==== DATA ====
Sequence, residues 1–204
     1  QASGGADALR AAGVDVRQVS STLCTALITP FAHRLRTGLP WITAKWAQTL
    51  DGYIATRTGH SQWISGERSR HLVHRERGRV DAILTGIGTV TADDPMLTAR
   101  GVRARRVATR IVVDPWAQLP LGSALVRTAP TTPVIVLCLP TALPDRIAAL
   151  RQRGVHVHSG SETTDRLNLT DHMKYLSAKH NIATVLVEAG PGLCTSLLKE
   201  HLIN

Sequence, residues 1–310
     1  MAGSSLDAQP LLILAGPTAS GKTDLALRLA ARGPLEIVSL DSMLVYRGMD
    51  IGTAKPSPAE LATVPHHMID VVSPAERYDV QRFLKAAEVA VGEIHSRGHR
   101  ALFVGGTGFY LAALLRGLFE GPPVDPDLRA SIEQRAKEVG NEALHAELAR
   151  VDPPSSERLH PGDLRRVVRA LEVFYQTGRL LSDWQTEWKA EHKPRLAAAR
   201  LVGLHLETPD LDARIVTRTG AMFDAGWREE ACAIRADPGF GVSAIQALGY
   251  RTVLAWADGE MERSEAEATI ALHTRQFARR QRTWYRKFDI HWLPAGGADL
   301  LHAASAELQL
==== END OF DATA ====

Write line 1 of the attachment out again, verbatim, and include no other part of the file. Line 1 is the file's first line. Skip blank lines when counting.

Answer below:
Sequence, residues 1–204